Camp Kwiyamuntsi

$15,000 Needed

In the past, government programs have not always honored Native American traditions and have even sought to stifle indigenous voices. Today, collaborative programs are seeking to correct past wrongs by focusing on supporting cultural traditions. 

Zion National Park and the Zion Forever Project have teamed up to fund an annual camp that helps Southern Paiute youth better connect to their ancestral homelands and traditional knowledge. The camp, Camp Kwiyamuntsi, or commonly known as “K-Camp,” provides opportunities for youths to learn from tribal elders as well as get exposure to land agency partnerships such as the Bureau of Land Management (BLM), U.S. Forest Service, and the NPS. This experience provides a blended learning of traditional ecological knowledge with land agency practices to acquire knowledge about ancestral homelands and explore future careers in land management and leadership.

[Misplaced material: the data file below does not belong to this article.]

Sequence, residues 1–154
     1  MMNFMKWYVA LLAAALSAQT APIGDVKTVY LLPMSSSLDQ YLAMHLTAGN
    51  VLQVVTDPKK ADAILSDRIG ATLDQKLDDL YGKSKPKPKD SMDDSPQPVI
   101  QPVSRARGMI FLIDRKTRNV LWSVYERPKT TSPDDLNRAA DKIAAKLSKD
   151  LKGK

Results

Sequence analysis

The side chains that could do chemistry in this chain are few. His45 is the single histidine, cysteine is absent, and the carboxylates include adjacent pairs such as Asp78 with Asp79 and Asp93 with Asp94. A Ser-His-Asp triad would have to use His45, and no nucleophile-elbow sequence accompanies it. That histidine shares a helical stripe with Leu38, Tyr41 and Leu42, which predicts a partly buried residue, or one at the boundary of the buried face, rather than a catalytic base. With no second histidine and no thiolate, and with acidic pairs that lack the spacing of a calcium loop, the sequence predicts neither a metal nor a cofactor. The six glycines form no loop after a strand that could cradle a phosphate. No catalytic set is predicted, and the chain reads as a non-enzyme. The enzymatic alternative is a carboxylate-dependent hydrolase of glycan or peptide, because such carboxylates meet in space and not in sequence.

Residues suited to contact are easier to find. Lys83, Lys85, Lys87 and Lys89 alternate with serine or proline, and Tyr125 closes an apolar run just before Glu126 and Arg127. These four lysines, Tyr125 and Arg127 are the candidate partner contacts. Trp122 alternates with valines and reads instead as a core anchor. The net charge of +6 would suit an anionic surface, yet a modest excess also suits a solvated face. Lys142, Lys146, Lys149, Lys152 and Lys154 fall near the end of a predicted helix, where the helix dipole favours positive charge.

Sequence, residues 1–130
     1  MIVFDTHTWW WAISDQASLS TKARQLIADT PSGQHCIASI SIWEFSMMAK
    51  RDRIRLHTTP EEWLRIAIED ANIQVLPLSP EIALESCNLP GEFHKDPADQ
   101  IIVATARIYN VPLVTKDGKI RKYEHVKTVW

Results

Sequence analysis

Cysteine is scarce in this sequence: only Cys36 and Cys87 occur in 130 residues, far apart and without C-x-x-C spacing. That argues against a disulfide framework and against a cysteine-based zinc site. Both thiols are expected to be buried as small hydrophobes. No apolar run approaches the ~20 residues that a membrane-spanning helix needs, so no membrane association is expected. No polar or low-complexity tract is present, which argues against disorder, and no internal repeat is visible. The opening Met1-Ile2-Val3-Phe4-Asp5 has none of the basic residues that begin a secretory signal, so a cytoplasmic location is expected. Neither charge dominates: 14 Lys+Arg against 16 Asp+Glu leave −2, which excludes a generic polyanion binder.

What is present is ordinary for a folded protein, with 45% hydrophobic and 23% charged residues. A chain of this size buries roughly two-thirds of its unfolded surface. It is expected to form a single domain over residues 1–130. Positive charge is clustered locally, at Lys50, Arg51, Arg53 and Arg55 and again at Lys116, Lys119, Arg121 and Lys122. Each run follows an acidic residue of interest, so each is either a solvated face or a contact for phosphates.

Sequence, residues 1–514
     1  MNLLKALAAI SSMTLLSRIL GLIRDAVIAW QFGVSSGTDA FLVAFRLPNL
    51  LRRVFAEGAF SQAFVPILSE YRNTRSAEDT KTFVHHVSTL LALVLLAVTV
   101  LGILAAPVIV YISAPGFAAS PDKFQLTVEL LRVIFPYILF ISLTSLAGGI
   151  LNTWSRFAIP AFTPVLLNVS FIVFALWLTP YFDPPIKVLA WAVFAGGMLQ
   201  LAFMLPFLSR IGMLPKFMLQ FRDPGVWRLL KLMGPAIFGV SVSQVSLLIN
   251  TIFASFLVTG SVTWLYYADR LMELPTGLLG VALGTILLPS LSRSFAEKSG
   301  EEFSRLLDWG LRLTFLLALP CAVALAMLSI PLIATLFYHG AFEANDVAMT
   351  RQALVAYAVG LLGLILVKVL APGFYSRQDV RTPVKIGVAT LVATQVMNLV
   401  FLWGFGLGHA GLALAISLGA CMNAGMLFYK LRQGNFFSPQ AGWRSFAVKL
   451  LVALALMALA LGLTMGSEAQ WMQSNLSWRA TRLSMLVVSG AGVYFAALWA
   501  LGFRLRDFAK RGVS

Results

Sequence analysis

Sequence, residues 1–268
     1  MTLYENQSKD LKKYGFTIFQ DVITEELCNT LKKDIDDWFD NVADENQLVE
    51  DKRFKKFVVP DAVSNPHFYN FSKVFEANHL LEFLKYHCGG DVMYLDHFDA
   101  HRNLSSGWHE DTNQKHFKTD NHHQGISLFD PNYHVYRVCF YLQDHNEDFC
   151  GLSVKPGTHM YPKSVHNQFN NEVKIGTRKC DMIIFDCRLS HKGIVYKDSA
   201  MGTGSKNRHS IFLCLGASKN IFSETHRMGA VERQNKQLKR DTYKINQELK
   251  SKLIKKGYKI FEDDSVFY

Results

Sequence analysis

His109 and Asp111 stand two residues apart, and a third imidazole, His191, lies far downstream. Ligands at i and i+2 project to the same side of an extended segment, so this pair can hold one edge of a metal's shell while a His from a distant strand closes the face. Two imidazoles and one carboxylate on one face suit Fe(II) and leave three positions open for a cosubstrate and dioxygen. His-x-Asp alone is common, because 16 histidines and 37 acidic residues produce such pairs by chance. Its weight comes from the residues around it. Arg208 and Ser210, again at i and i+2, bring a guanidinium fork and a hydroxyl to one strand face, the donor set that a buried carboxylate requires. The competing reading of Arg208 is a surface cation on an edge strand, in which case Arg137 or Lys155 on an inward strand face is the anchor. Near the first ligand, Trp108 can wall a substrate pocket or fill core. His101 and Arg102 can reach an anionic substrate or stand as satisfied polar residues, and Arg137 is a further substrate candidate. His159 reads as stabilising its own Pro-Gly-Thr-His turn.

Youths attend evening campfires to learn traditional tribal songs and share personal struggles with their elders and are paired with tribal elders and land agency specialists to receive both Paiute traditional ecological knowledge and land management practices in areas such as geology, plants, wildlife, and water across Southern Paiute ancestral homelands. 

“A lot of the kids’ parents didn’t learn a lot about their culture and traditions growing up, so when they come to camp it is often their first time hearing a lot of this stuff,” one Paiute tribal elder said. “Coming to these camps, they get a chance to learn a part of their culture, and their history and their ancestry. They learn they are related to each other . . . they are like a sponge and must soak it all up, and it’s something that they’ll always remember.”

In addition to learning about their tribe’s history and cultural traditions, Southern Paiute youth also take part in activities that are staples at other summer camps, including guided hikes, rock climbing, and river rafting. Each year, camp locations rotate to a different region of the Southern Paiute ancestral lands. 

“K-Camp is a sacred place to me,” one past participant said. “K-Camp makes me feel proud of who I am, no matter what.” 

Donations from supporters help keep this valuable camp going from year to year. Zion Forever remains a committed supporter of this top-priority project. With your help, these camps will continue to be unforgettable, transformative experiences for native youths.